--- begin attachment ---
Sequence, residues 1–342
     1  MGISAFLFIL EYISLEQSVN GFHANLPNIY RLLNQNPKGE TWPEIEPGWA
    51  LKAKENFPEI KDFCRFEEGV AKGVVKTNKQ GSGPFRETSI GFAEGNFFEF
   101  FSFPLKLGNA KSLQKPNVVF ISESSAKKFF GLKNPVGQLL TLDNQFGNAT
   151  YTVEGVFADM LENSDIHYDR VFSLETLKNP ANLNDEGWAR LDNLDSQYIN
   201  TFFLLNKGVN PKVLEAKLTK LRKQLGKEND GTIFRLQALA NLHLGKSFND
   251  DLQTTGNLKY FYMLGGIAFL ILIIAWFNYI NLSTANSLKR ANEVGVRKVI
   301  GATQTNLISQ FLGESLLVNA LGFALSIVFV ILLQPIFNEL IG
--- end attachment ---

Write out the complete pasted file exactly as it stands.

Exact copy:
Sequence, residues 1–342
     1  MGISAFLFIL EYISLEQSVN GFHANLPNIY RLLNQNPKGE TWPEIEPGWA
    51  LKAKENFPEI KDFCRFEEGV AKGVVKTNKQ GSGPFRETSI GFAEGNFFEF
   101  FSFPLKLGNA KSLQKPNVVF ISESSAKKFF GLKNPVGQLL TLDNQFGNAT
   151  YTVEGVFADM LENSDIHYDR VFSLETLKNP ANLNDEGWAR LDNLDSQYIN
   201  TFFLLNKGVN PKVLEAKLTK LRKQLGKEND GTIFRLQALA NLHLGKSFND
   251  DLQTTGNLKY FYMLGGIAFL ILIIAWFNYI NLSTANSLKR ANEVGVRKVI
   301  GATQTNLISQ FLGESLLVNA LGFALSIVFV ILLQPIFNEL IG